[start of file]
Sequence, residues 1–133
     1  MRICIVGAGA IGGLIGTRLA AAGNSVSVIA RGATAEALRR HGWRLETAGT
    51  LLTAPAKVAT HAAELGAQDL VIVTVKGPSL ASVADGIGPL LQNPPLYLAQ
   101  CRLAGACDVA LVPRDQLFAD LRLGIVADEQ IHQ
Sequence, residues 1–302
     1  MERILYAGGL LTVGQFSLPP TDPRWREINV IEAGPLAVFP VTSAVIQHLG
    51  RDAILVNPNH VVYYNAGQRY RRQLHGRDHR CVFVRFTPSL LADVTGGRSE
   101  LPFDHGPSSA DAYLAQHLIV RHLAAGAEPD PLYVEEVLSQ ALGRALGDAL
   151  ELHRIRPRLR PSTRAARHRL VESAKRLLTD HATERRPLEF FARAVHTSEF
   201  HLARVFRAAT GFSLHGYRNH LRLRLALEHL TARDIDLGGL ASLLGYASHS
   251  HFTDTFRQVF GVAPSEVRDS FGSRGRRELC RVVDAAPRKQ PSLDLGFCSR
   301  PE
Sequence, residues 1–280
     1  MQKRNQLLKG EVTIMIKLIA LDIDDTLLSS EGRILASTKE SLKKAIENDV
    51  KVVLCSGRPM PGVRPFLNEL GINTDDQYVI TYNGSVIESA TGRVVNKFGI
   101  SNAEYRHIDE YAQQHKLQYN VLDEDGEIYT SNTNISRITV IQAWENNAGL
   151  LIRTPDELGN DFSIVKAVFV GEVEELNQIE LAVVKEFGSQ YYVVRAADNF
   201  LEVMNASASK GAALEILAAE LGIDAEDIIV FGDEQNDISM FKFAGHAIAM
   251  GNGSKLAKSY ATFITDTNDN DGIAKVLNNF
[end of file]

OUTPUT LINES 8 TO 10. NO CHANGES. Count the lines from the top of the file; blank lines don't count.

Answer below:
   101  LPFDHGPSSA DAYLAQHLIV RHLAAGAEPD PLYVEEVLSQ ALGRALGDAL
   151  ELHRIRPRLR PSTRAARHRL VESAKRLLTD HATERRPLEF FARAVHTSEF
   201  HLARVFRAAT GFSLHGYRNH LRLRLALEHL TARDIDLGGL ASLLGYASHS